The Importance of Setting on “a Rose for Emily”
Faulkner’s details about setting and atmosphere give the reader background as to the values and beliefs of the characters, helping the reader to understand the motivations, actions and reactions of Miss Emily and the rest of the town, and changing the mood or tone in the story. The setting in “A Rose for Emily” is Faulkner’s Jefferson, a small town in the deep south of the United States. Faulkner’s use of this particular time-period of post-civil War is successful in giving the reader an understanding to the values and beliefs of the characters in the story.
The town of Jefferson is a fallen legacy. The ranked regime and class system of the Griersons where by order of the mayor- Colonel Sartoris, a Negro woman could not even walk the street without an apron. Grierson residence had changed into a place where even the street on which Miss Emily lived, that had once been the most select, had now been encroached and obliterated, her house an eyesore among eyesores. Both the town and Miss Emily herself, now looked upon Emily as the only remnant of that greater time.
This fact gives the reader an understanding of the mindset of the town, who is narrating Miss Emily’s story to us in a form resembling a gossip circle, where stories of various townspeople are pieced together and of Miss Emily, the protagonist who lived alone except for her lone servant. The actions of Miss Emily range from eccentric to absurd but it is the readers understanding of the setting that keep the story believable. Miss Emily becomes reclusive and withdrawn after the death of her father and the distancing from Homer Barron.
It is also revealed at the end of the story that she went as far as poisoning Homer, keeping his dead body in his house, and sleeping next to him as well. She is doing what she feels necessary in response to the pressure placed on her by the town. She is still trying to maintain the role of the southern women, dignified and proper while struggling with all the other issues in her life and dealing with the madness that is said to run in her family. She is also not accepting of the changing times and flat out refuses to change with them.
Faulkner’s setting also helps the reader understand the mentality and actions of the town. The townspeople seem fascinated with Miss Emily as a remnant of an older time. They have put her in a special position among the others and while they have not maintained any direct contact with her, they are still curious even after her death about her mystery. This could be attributed to the fact that as the times are changing, they need someone to uphold their southern pride and as she is a Grierson, she is their only link to that past.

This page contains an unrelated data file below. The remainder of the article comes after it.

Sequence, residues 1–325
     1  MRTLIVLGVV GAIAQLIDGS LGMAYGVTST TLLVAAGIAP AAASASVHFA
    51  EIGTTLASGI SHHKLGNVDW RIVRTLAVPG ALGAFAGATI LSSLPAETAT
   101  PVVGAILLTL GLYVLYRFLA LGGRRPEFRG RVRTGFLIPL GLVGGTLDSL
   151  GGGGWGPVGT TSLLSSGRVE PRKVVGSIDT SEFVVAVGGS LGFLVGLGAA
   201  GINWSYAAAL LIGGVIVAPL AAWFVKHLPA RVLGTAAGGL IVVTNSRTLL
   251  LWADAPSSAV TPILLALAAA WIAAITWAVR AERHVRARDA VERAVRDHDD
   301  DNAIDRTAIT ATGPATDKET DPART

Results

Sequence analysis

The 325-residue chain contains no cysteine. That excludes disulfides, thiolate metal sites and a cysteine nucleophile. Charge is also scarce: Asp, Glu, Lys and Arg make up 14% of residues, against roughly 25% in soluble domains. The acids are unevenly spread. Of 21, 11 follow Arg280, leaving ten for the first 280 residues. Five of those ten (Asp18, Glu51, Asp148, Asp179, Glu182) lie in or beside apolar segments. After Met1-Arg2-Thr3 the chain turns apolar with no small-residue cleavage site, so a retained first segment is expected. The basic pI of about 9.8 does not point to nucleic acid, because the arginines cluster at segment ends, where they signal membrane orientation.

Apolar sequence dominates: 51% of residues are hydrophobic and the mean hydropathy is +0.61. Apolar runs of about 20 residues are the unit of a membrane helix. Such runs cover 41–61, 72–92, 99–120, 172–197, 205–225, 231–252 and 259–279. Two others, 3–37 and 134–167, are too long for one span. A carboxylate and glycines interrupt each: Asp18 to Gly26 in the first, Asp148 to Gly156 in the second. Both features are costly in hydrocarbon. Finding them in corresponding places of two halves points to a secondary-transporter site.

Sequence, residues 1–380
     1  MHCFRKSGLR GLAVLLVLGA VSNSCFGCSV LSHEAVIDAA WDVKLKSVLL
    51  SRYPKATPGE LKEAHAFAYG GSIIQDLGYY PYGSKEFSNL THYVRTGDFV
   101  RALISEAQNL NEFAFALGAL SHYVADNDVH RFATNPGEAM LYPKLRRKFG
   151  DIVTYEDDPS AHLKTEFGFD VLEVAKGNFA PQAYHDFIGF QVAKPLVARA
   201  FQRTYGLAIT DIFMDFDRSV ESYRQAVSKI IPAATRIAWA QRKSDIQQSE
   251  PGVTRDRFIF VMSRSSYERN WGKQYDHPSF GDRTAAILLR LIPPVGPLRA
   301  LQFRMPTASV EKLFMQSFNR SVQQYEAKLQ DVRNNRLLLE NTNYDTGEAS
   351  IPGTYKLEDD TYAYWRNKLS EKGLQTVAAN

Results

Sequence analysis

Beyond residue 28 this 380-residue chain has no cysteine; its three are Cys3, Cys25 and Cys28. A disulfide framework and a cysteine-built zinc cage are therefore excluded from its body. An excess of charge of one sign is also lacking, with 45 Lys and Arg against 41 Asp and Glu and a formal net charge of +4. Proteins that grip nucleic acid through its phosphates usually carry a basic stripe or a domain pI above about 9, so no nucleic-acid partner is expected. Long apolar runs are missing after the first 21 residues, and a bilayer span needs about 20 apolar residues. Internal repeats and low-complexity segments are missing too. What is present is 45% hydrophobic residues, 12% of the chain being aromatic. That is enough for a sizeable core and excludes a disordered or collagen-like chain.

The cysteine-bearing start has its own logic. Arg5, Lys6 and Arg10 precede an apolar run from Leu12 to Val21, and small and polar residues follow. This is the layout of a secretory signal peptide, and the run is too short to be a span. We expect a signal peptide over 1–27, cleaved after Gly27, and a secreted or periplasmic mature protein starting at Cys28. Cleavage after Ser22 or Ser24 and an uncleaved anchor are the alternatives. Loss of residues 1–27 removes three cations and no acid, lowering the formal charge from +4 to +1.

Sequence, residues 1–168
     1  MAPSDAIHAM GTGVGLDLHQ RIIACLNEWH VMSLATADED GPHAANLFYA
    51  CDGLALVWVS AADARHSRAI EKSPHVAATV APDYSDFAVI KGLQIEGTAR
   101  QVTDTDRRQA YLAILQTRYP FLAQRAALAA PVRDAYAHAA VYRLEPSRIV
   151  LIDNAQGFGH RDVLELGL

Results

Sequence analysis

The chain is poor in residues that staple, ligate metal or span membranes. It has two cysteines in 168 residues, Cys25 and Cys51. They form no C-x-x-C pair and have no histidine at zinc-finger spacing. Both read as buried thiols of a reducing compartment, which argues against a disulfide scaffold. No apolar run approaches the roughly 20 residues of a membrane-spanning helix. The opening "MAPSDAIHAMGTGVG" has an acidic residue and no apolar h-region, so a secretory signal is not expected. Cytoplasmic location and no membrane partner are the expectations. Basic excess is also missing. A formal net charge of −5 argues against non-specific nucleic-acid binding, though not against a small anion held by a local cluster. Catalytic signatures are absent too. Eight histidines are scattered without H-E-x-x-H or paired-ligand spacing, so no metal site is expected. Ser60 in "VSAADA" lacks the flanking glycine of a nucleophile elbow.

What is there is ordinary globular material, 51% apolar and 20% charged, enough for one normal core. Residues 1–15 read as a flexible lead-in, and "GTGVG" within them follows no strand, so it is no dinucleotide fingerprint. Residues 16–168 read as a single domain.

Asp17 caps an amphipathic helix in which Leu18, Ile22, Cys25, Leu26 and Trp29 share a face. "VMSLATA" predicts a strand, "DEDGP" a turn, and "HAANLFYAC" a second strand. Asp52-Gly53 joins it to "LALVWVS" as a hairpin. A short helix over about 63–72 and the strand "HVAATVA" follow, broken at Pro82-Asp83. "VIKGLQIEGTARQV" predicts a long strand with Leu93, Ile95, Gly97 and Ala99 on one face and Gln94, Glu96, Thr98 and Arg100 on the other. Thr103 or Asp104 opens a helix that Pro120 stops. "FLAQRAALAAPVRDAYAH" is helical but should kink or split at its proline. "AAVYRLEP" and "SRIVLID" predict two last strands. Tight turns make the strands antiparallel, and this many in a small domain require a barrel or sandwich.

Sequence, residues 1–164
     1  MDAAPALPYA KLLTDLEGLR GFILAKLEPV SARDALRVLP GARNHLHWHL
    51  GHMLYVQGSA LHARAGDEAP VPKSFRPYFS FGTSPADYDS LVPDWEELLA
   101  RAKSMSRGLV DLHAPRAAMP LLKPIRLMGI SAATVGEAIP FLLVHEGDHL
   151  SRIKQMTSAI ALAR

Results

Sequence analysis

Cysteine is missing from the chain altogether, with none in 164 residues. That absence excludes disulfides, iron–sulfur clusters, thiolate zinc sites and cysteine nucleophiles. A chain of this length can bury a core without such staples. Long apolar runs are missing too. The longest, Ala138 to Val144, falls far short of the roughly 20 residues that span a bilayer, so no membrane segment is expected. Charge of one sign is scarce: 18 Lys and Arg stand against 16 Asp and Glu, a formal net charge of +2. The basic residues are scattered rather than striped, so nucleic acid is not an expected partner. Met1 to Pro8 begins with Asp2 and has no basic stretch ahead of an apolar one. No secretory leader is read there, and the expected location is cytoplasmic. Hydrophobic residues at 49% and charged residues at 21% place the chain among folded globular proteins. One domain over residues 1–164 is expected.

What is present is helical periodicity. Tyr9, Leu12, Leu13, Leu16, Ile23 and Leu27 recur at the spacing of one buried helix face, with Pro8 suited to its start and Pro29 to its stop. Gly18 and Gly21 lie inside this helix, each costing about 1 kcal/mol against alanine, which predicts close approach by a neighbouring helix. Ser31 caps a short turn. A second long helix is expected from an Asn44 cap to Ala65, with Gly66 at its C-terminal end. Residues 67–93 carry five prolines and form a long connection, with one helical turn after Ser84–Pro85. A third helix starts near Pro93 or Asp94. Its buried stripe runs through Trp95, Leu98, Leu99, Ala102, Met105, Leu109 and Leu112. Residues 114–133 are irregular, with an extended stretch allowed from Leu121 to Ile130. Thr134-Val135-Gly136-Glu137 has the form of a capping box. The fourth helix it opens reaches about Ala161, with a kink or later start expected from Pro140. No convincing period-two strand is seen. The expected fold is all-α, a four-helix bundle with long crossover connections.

They even take it upon themselves to try to correct her mistakes by calling on her cousins while she was involved with Homer. They felt that she was setting a bad example and because she was supposed to be of a higher class and symbolize morals and decency in the changing south they felt that they had to do something to restore her moral standing for her. Besides helping the reader understand the motivations and events in the story, the setting also changed the tone of the story. Faulkner opens his story by expressing the amount of respect that is shown at Miss Emily’s funeral.
It is said that the entire town attended this event, but also that some only showed up to see what the inside of her house looked like because no one had been inside in over ten years. He explains this to show the mysterious appeal of Miss Emily. By explaining the mystery in Miss Emily, he conveys a dark tone that baffles the audience. The descriptions that Faulkner gave and the images he conjured gave the story a very gothic feel to it. The image of the Grierson place with its out of date structure and furnishings, and of Miss Emily herself as a old woman resembling death itself also helped to create a clear picture of an old run down town.
The physical setting was parallel to the social change that was taking place at the time and could be used to symbolize the breakdown of the old structures that had once held their society up. In all the cases, the essential element in Faulkner’s story that gave the reader both background and insight into the story, was the setting. The use of a familiar genre supported the actions and motivations of the characters in the story and elevated the tone for the reader’s enjoyment. ?